I’ld like to look at games and how they engage kids by applying the 7 ways games reward that Tom Chatfield talked about in his TED talk – a condensed list can also be found on his blog.

To do that I will look at a game I found on arcademicsskillbuilders after watching a PBS special, featuring, among others, a school called Quest2Learn that uses this type of game to teach kids in school.

The 7 ways games reward:

1. Using an experience system. (for example: give students an avatar or a profile that levels up steadily based on things like attendance and performance.) – so in other words, show me my track record.

2. Multiple long and short-term aims.

3. You reward for effort.

4. Rapid, clear, frequent feedback.

5. Uncertainty. (but what really lights up the brain is the unexpected reward: the one that couldn’t be predicted) – so uncertainty here relates directly to the reward!

6. Windows of enhanced attention.

7. Other people.

The chosen game called wordinvasion gets the student to shoot down wordtypes that are given at the bottom of the screen. As words fall from the sky you may only shoot down those of the given type.

Here you can see my track record after playing a couple of times.

Looking at the 7 rules of engagement we can see that:
1. I can see my track record so that I am aware of how well I am progressing (or not)
2. My short term aim is to do well on a short episode of the game at a certain level of my own choice. But I am not sure this is what Tom Chatfield meant. I think it is more about setting very concrete goals such as make sure to get 10 of these right in 2 seconds. The aim should be more specific, I would think.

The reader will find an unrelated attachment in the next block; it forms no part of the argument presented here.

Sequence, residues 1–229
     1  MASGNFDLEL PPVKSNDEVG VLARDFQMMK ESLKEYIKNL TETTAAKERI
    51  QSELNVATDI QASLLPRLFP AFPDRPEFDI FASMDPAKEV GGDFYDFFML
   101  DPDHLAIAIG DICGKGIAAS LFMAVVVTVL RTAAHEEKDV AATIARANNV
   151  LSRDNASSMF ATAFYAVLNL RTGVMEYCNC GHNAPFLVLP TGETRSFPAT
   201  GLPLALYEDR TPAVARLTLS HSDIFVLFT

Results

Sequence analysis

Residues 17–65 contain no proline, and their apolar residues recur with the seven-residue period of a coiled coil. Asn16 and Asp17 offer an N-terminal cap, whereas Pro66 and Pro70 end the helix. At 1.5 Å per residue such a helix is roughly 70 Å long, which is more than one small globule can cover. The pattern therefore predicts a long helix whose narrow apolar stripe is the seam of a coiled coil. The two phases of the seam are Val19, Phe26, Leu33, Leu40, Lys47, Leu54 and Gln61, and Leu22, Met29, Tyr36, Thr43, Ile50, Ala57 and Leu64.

3. My reward is very indirect and so this part is probably not fulfilled. The reward shows me if I improve but there is nothing concrete like a star or a door that opens to the next level.
4. Rapid, clear, frequent feedback – definitely scored here because I know immediately, when I have done something wrong and get to see my score right after a short game as well as my progress.
5. Nothing uncertain about any award since I am not getting an award and the next level is of my own choosing and not catered towards my skill level automatically, or to challenge me. Nothing surprising.
6. The tool has no awareness of my attention span.
7. High scores coming soon is an indicator that at some point I can compare myself to other people’s scores. What is not given, is any collaborative effort with others online. I could sit together in front of the computer with a group of kids, but that is probably not what Tom Chatfield meant with this point either. So – half a point on high-scores for this one.

Overall – that makes: + = yes – = no / = almost
1+ 2- 3- 4+ 5- 6- 7/
making 2.5 out of 7 on this game

So, I will need to look out for better things… perhaps timezattack!!!

Notice, I am not evaluating the learning content here – which I think is great and I highly recommend this website and their games. I am just trying to understand how to look at educational games using the 7 rules of engagement. And in terms of those, we can do much better to keep the kids engaged. Tell me if I’m wrong!